COLUMBIA (AP) — A deputy director at the Department of Social Services said the agency needs 200 more employees to reach goals for worker caseloads.
Jessica Hanak-Coulter said Wednesday that 202 employees would be needed to keep caseloads at or below proposed limits for the number of cases and children each worker should handle at one time.
Hanak-Coulter testified before a Senate panel reviewing operations of the agency.
The 25 percent boost in employees would cost $10 million.
Senators on the panel pointed out that DSS has made only one request for new caseworkers in the past four years.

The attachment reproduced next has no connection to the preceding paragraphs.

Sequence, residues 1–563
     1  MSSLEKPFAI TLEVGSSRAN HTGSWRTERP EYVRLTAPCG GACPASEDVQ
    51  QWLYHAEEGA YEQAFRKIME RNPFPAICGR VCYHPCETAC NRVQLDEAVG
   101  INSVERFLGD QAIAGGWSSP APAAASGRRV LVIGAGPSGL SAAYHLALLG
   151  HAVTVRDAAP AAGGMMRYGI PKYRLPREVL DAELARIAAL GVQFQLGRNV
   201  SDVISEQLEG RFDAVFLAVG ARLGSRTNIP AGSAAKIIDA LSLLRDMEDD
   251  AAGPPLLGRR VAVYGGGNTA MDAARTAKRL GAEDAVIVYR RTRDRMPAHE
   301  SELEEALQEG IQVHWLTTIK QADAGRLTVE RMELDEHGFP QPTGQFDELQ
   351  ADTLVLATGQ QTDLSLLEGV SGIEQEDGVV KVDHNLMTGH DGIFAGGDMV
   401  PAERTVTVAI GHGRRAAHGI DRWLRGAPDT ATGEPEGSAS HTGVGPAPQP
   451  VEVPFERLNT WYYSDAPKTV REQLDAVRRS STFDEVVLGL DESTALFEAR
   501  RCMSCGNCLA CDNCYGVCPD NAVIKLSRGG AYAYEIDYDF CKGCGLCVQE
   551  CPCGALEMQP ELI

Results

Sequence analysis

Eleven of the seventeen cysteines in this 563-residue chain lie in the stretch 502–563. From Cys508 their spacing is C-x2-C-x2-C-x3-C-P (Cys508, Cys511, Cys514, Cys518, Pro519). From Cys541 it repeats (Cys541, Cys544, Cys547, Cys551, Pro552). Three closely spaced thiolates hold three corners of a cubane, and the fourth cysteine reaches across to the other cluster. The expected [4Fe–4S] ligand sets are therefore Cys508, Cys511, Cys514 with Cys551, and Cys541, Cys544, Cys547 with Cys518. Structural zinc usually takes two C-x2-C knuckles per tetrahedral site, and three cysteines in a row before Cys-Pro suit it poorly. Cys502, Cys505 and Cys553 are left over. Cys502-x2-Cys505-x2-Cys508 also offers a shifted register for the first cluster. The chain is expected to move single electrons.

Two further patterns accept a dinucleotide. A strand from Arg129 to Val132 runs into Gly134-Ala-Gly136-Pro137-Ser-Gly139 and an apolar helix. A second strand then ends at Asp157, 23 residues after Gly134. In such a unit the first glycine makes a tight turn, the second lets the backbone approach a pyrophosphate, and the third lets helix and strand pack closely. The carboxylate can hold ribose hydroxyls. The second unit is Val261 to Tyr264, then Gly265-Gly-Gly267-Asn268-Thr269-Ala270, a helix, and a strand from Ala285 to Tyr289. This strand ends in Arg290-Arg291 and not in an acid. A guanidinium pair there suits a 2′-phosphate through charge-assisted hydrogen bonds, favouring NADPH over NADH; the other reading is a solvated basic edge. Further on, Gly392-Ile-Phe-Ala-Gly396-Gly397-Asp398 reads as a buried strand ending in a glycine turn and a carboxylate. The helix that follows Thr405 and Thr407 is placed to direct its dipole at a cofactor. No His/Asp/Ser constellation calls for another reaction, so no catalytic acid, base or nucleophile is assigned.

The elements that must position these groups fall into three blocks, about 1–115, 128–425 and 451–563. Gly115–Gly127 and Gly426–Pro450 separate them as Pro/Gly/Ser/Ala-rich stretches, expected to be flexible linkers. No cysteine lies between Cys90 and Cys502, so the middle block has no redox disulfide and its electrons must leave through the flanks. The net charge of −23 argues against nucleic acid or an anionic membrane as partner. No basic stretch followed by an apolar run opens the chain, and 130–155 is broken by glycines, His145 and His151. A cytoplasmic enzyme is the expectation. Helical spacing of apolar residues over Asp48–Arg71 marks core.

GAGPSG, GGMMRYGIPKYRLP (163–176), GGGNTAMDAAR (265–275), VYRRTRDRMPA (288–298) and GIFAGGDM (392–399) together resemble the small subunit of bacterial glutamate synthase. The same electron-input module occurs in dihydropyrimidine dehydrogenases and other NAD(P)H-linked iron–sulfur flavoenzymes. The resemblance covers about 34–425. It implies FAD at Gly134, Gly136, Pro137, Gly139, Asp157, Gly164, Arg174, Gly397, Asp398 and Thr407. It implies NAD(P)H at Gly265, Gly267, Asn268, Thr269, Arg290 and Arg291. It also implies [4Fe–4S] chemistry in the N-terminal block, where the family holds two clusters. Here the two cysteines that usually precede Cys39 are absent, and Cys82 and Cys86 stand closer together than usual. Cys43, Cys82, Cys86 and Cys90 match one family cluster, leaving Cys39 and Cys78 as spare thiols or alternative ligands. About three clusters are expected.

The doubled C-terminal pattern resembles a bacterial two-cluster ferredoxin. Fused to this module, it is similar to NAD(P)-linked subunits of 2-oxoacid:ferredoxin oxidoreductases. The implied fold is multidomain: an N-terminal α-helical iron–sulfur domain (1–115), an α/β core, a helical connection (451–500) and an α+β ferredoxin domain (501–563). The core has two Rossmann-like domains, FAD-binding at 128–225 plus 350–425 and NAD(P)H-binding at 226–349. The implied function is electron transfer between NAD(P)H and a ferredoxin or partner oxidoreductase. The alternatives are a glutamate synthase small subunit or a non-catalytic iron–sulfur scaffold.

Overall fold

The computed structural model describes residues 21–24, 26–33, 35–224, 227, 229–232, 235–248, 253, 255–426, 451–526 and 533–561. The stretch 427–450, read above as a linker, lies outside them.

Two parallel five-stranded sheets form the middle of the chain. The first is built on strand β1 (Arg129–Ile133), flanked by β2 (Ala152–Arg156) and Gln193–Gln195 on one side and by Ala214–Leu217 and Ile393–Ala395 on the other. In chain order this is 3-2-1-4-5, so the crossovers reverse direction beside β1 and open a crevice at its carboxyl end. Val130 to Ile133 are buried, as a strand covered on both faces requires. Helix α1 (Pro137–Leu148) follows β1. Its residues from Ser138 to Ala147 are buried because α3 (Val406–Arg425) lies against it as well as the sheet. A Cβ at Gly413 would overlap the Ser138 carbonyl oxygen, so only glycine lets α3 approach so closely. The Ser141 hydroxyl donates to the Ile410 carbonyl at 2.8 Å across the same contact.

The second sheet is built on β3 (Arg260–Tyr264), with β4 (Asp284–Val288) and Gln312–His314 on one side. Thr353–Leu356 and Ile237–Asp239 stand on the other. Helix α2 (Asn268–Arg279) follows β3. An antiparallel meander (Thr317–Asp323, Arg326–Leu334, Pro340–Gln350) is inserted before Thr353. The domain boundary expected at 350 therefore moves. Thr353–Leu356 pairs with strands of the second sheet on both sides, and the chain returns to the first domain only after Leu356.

The Senate panel began the review after child welfare advocates said DSS was missing abuse cases that led to children dying. The agency got approval earlier this year to hire 50 more caseworkers.
The proposed 109 caseworkers, 79 supervisors and second-shift relief for the day-time caseworkers would help Social Services lower caseloads, Hanak-Coulter said.
DSS wants each child abuse investigator to handle cases involving no more than 24 children. Foster care workers would handle no more than 14 to 20 children ideally.
The new positions would reverse a four-year decline in the number of child-protective services and foster care positions at the agency. Those positions have dropped by 255, or 18 percent, since 2009.
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